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Pages from NPCourier10-15-14o

Over the last few days it was gunshots, police sirens and cries for lost loved ones that resounded through many communities within the city of Pittsburgh. The recent rash of shootings in three days that left four dead and five wounded has many residents concerned, on edge and just plain fed up.

On Oct. 11 there were shootings in Homewood, Arlington Heights and Beltzhoover; then another shooting in Arlington Heights on Oct. 12; followed by shootings in Carrick and Glen Hazel on Oct. 13. One of those killed was Omar Hodges, a 29-year-old City of Pittsburgh Environmental Service employee who was fatally shot near the intersection of Birmingham Avenue and Brownsville Road, in Carrick, as he began his morning shift.

While Mayor Bill Peduto and the new Pittsburgh Chief of Police Cameron McLay are meeting on how to “regain community trust” and address the issue of violence in the Black community, many residents are speaking out.

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“It is just a spirit of murder gripping the city,” said Adrienne Young, founder of Tree of Hope, an organization that provides help, hope and healing to Pittsburgh families of homicide victims. Young said she knew Hodges’ family personally and could not understand who would do this or why it happened to him.

“We have to come together and we have to be brave enough to tell who these people are (committing these acts). We know who these people are and we have to root them out of our communities. If we don’t, we’ll let a small percentage of people take over our city and we can’t allow that,” Young added.

Many of this week’s homicides occurred in the Hilltop communities of Pittsburgh. City Council President Bruce A. Kraus, and the council representative for the Hilltop neighborhoods, said, “We all of us are deeply concerned about this senseless loss of life in our City of Pittsburgh. Such violence diminishes us as a family; it diminishes us as a city; it diminishes us as a society. It is incumbent upon us all to stand up and to stand against the wanton brutality that is gun violence.”

Like Young, Brenda Tate, a retired Pittsburgh police officer from the Hill District, also spoke out against the violence. On Oct. 14 Tate took her outrage to Facebook with a post that read, “Please stop the violence! If you are not responsible, but you know someone who is, beg them to stop… I have raised my children in the same block. I remember a time in my community (when) we did not live under the threat of violence ever, why do we now?”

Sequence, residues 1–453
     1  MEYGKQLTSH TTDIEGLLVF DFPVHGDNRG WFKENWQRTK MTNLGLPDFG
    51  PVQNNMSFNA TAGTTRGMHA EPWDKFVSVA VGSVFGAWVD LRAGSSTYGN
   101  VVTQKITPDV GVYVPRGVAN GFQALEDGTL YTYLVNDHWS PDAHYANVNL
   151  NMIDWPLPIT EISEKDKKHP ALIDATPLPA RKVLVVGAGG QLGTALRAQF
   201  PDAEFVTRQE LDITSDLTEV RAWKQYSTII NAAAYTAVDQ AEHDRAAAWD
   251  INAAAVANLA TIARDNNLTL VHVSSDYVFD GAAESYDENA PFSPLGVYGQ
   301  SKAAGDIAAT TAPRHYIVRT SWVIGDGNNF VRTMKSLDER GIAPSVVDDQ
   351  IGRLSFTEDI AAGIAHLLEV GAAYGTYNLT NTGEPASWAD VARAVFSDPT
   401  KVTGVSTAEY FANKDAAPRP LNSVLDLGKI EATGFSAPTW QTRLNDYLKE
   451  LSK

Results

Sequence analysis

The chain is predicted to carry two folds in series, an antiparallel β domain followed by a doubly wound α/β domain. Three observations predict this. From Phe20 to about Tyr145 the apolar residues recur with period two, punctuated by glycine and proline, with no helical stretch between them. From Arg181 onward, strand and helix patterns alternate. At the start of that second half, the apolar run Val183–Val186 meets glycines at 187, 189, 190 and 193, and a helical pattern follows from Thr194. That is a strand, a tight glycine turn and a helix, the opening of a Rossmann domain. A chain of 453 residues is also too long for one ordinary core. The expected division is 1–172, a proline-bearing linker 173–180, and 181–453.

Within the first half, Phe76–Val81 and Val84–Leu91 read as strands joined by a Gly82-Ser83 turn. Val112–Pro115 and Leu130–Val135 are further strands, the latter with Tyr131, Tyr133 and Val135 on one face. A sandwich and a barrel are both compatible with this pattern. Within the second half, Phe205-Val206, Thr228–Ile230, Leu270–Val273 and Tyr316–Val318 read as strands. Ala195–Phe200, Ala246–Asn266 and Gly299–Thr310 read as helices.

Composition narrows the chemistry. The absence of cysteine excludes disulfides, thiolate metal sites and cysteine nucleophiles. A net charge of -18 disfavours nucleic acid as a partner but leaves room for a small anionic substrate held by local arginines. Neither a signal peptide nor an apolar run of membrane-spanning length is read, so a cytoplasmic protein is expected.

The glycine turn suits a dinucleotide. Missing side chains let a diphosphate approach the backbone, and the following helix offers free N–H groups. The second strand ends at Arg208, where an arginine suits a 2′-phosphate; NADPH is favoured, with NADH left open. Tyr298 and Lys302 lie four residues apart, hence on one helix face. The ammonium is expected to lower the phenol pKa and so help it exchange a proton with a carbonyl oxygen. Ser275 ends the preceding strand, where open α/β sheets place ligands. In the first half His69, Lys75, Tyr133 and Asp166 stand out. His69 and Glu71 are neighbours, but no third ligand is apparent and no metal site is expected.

She went on to say in her post, “The Hill District is your community, I know you want to raise your children just as I (raised) mine, without fear. Let’s start at home, call them out! Let them know they are not welcome in this community. This will not be easy because some of them could be our family and friends. Today I am calling out any of my relatives that may be a part of this violence. If you don’t stop, I will do everything in my power to help the law bring you down and put you where you belong, behind bars!!!”

Tate’s post comes just one day after Hill District teen Eric Young was laid to rest at Wesley Center AMEZ Church in the Hill District. Young was shot to death last week on Morgan Street, in the Hill District, as he was leaving his house, with his mother, to go to school.

State Rep. Jake Wheatley (D-Hill District), who represents the area where most of the homicides that took place earlier this week occurred, said, “I think it’s always problematic when we have a loss of life, especially when it is senseless and avoidable. A lot of young African-American males are getting caught up in the system, looking for some place to find themselves, whether that be mentally or economically.”

He added that as a community, we need to redirect our focus to re-establishing a healthy community, along with focusing on the foundational issues of poverty and what we can do about it.

Community activist and co-founder of One Hood Jasiri X said incidents like what happened to Hodges is what he and his organization have been working for years to stop and why they work with young Black men.

“When we hear about things like this it’s sad but it steels our resolve to work harder, and ask what are we doing to show people opportunities beyond acting in an illegal capacity,” he said.  “Who knows why (Hodges) was targeted—we have to get to the point where that’s not an option, that the idea of taking someone’s life can’t be an option. There has to be something we can do before it gets there. We have to invest in them, let them know they can use their talents to get out of situations that seem hopeless. We have to show them they are valuable they are loved and to provide opportunities for them.”

As of Oct. 14, there have been approximately 85 homicides in Allegheny County in 2014; with 54 of them taking place in the city.

(Chris Morrow contributed to this article.)

 

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